The words penned by the Apostle Peter were revolutionary. “God cares for you,” he boldly assured Christians caught up in the midst of persecution sweeping Asia Minor or modern-day Turkey (1 Pet. 5:7).
And because God cared for them, the apostle urged his readers to humble themselves and cast all their anxieties and cares upon God.
The gods of Greece and Rome did not care about people. They cared only about themselves. They were capricious and selfish, caring primarily about their own status.
Even today one searches in vain among the various religions for a message that “God cares for you.” It is not found in the determinism of Islam. It is not found in the Buddhist search for oneness or in Hindu’s escape into nothingness.
Only the Christian faith proclaims, “God cares for you.” As an individual person you have value to God. Peter’s message really was revolutionary. It still is.
In His own image
Perhaps we should know God cares for us. God created each human being in His own image. That gives inestimable value to each individual. The Christian faith is built on the truth that God acted in Jesus Christ to offer salvation to anyone who will accept God’s gift of forgiveness. That is the message of the cross where Jesus paid the price for sin.
Jesus died for each of us. That is how much God cares for us.
Unfortunately, in the midst of troubles we sometimes forget that revolutionary message. The pain of illness, the grief of loss, the brokenness of relationships, the disappointment of life, the shattered dreams — all of these can make us feel alone, forgotten.
One writer correctly observed that “affliction either drives us into the arms of God or it severs us from God.” All of us have seen that truth play out in the lives of friends and loved ones.
That is why it is important to repeat the Apostle Peter’s message. “God cares for you” and because He does you can cast all your anxieties and cares upon Him.
Peter was not the first to voice that message. In the Sermon on the Mount, Jesus described how God feeds the birds who neither plant nor harvest. He described the beauty of the wild lilies saying they were prettier than anything King Solomon ever had, even with all his wealth.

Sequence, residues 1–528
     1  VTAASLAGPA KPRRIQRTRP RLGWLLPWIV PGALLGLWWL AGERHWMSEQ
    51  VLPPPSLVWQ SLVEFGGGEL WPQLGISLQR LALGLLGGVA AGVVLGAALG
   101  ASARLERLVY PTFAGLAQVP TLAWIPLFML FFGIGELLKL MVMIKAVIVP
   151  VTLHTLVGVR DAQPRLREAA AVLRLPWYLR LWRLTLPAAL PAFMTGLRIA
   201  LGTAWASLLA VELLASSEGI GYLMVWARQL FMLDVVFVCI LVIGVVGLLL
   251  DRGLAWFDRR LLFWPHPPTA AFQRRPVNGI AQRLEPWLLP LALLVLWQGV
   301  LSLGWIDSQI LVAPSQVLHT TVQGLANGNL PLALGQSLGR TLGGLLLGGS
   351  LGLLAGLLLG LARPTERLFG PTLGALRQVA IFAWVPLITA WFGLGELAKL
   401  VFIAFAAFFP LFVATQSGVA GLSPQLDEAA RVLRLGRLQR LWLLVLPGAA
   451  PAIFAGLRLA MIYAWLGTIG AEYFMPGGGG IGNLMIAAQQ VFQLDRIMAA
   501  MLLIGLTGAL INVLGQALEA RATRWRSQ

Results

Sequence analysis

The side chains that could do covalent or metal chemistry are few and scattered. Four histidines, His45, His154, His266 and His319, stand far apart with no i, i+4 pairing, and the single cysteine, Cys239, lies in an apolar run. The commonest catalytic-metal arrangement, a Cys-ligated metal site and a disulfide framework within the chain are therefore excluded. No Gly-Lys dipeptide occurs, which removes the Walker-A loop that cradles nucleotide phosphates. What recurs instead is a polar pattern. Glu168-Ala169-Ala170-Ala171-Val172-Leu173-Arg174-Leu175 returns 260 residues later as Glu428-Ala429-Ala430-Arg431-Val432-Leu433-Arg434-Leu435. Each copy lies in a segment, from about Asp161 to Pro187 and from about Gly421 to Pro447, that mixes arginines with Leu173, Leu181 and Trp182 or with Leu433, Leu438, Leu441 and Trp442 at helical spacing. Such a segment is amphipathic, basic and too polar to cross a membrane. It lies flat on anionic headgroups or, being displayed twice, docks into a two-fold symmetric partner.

Jesus asked, “Are you not much more valuable than they?” (Matt. 6:26). Could it be clearer? God cares for you. He is not indifferent toward you. He is not cruel.
God is compassionate to His children. God does not promise to resolve every issue as one might want, but He does promise to sustain each of us with His presence through every distress.
The Apostle Peter tied his admonition to cast one’s cares and anxieties on God with a surprising character trait — humility (1 Pet. 5:6). Because we humble ourselves before God we are able to cast our anxieties and worries on the One who cares for us, he writes.
Perhaps that connection should not be surprising at all. The one to whom we entrust our worries is the one we really trust the most.
Jesus taught that same lesson. When Jesus explained the parable of the sower He said some of the seeds that did not take root were because “the worries of the world … enter in and choke the Word, and it becomes unfruitful” (Mark 4:19).
In Luke 21:34, Jesus added, “Be on guard, that your hearts may not be weighted down with … the worries of life and that day come on you suddenly like a trap.”
When we trust ourselves with the “worries of the world” then our preoccupation with ourselves chokes out what God wants to do in our lives. When our lives are “weighted down” with the “worries of life” there is no energy left for fruitfulness in God’s work.
One writer observed that worry is a form of pride since it denies the power of a sovereign God and instead places trust in one’s self.
If that is true then the only antidote to worry is believing in and resting in God because “God cares for you” just as the Apostle Peter wrote.
The realization that God cares for us in all our circumstances and difficulties is what assures us that we can cast all our worries and anxieties on Him. Turning worries and anxieties over to God is not done arrogantly like “Here, you take them.” Rather it is because we know that God cares for us that we know He can be trusted with all our cares.
The Apostle Peter said we humble ourselves “under the mighty hand of God.” That is a strong biblical reference to the sufficiency of God to accomplish His purposes. Verses 3, 14 and 16 of Exodus 13 all reference the “mighty hand of God” in delivering the Israelites from captivity. Ezekiel 20:23 uses the reference to bring Judah back from Babylon.
‘Hand of God’
The New Testament uses references to the “hand of God” in directing events around the birth of Jesus and the growth of the Christian faith (see Luke 1:66, Acts 13:11 and Acts 11:21).
The Apostle Peter is assuring those facing persecution that God is able to be trusted with all their worries and anxieties. The God of their past is the God of their present as well as the God of their future. He is the same yesterday, today and tomorrow.
That is a message for today as well.
Nowhere is it promised that everything will work out like one wants things to work out. Romans 8:28 does assure that God will work in all things to bring about good. And as He works in all things He will be with us, even to the end of the age (Matt. 28:20) because “God cares for you.”